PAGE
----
There has been sporadic redevelopment of the dockside areas since 1988, but according to the Pevsner Guide, 'The architecture is both bland and overly fussy, and the lifeless monoculture could be a business park anywhere. Adjoining the Pier Head, architectural standards should be far higher'. However, 2017 should see the start of the ambitious £300 million next phase of the Liverpool Waters project in this area.
Next along, Waterloo Dock opened in 1834, and was redeveloped into east and west branches in 1868 (compare the 1836 and 1890 maps). It was designed, like the rest of the docks discussed here, by Jesse Hartley and named after the Battle of Waterloo. The Waterloo Grain Warehouse of 1866-8 was designed by G.F. Lyster and the overall facility constituted the world's first bulk American grain handling facility. The surviving warehouse, originally the easternmost of three such, has been converted to apartments. The Waterloo Dock system closed to shipping in 1988.
Next up were Victoria Dock (after Princess, soon Queen, Victoria) and its neighbour Trafalgar Dock (after the Battle of Trafalgar), which opened together in 1836. The former was altered in 1848 to remove its river entrance. It was partly filled in in 1972 and the remainder followed in 1988. The latter was used as a landfill site in the early 1990s.
Clarence Half Tide Dock was connected by a lock system to Trafalgar Dock and on to Clarence Dock, Clarence Graving Basin and two graving docks. They were named after the Duke of Clarence, later William IV. They opened in 1830 and were enlarged in 1853. They were purpose-built steamship docks as a fire prevention measure given that so many wooden ships were using the docks to the south. The docks closed in 1929 and, except for the graving basin and graving docks, were filled in the following year. The site was subsequently used for the Clarence Dock Power Station, demolished in 1994, whose three huge chimneys were a Liverpool landmark.
On Gage's 1836, the docks terminate here with landfill and a sea wall. Regent Road petered out by the North Shore Mill, where there were bowling greens. Between there and Clarence dock was a Napoleonic fortress, presumably built in the 1820s about the same time as Fort Perch Rock at New Brighton, but little spoken of. It was demolished in the next phase of dock building.
The Salisbury, Collingwood and Stanley Dock system of 1848 was the next to be constructed. Salisbury Dock was a half-tide dock connected to the river by two locks and on to Collingwood Dock, named after Vice Admiral Cuthbert Collingwood. The hexagonal, castellated Victoria Tower, designed by Jesse Hartley and completed in 1848, is a clock (one per face) and bell tower that used to give time to neighbouring docks and passing ships and ring out high tide and warnings. It also provided a flat for the piermaster. Here also is the former Dock Master's Office, also built by Hartley using masonry in his trademark Cyclopean style (see below).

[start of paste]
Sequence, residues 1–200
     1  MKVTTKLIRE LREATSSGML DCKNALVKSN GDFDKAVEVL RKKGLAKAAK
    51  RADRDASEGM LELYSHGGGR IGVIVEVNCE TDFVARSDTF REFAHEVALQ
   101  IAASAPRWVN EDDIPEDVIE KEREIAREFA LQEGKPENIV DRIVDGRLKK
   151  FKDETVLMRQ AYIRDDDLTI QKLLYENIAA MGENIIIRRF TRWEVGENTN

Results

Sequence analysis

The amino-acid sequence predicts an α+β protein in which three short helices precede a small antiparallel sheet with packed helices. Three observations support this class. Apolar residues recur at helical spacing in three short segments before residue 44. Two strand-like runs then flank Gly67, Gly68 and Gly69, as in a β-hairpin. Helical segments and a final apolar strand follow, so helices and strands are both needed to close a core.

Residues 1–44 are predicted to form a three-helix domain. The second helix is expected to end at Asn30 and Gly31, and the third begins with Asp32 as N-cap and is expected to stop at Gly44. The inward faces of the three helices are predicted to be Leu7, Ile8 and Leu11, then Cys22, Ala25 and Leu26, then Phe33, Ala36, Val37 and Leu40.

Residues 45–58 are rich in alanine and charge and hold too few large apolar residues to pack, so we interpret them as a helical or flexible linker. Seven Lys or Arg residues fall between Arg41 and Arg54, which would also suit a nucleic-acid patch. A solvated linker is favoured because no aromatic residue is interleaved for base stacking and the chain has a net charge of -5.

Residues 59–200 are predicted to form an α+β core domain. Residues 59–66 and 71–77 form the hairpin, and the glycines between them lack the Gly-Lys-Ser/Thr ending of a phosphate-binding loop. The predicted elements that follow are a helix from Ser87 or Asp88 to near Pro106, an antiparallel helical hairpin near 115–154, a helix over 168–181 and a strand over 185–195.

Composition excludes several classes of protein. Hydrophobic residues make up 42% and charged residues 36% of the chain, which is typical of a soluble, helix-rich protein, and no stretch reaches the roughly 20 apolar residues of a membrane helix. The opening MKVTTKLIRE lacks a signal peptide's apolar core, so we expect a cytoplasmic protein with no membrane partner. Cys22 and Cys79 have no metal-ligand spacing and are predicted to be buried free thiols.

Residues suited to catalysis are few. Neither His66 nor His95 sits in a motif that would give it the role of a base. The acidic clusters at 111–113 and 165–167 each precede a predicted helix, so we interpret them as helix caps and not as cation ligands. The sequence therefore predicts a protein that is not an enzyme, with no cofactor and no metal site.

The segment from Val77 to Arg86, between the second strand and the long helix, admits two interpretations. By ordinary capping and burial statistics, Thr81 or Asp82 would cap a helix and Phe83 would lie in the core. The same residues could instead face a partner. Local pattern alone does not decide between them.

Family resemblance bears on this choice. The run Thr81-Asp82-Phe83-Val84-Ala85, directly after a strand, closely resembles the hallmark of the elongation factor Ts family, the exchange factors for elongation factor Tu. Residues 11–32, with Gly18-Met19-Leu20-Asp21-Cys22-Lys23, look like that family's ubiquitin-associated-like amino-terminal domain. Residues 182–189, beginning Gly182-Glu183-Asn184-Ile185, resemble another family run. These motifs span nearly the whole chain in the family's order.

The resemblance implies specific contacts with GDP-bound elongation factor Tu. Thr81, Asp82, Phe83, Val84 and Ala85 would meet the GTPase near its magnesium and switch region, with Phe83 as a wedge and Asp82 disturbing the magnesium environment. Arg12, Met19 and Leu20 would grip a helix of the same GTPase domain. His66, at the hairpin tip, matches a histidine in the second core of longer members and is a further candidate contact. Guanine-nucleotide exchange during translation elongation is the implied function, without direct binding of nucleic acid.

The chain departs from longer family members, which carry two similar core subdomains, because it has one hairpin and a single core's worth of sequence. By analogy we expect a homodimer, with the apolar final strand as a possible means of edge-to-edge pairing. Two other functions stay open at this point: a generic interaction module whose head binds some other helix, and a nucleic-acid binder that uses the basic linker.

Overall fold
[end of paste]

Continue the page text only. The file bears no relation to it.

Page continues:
Collingwood Dock in turn connects under a lift bridge to Stanley Dock, named after the local family and the only one of Liverpool's docks to be built inland, and on to the Leeds and Liverpool Canal, thereby providing a link from the canal to the river. An octagonal hydraulic tower and pumphouse was used to provide power for lifting devices, capstans, locks, bridges and tobacco presses. Hartley's frequent use of turrets, arrow slits and other trappings of the mediaeval castle for such buildings was intended to reinforce the impression of impregnability.
The Stanley Dock warehouses, designed, like the Albert Dock warehouses, by Jesse Hartley, were opened in 1856. The warehouse on the south side of the dock was demolished and the dock partly filled in in 1901 to make way for the huge Tobacco Bonded Warehouse. This vast building of 1901 designed by A.G. Lyster is 12 storeys high and, with 27 million bricks, it is reputed to be the largest brick building in the world. The narrow passageway between it and the adjacent warehouse, where the wind howls and the sun rarely shines, was nicknamed Pneumonia Alley. At the back, the Bonded Tea Warehouse, originally the Clarence Warehouse, was Liverpool's largest warehouse when constructed in 1844. These warehouses form the last significant remnant of what was once the characteristic landscape of the dock hinterland.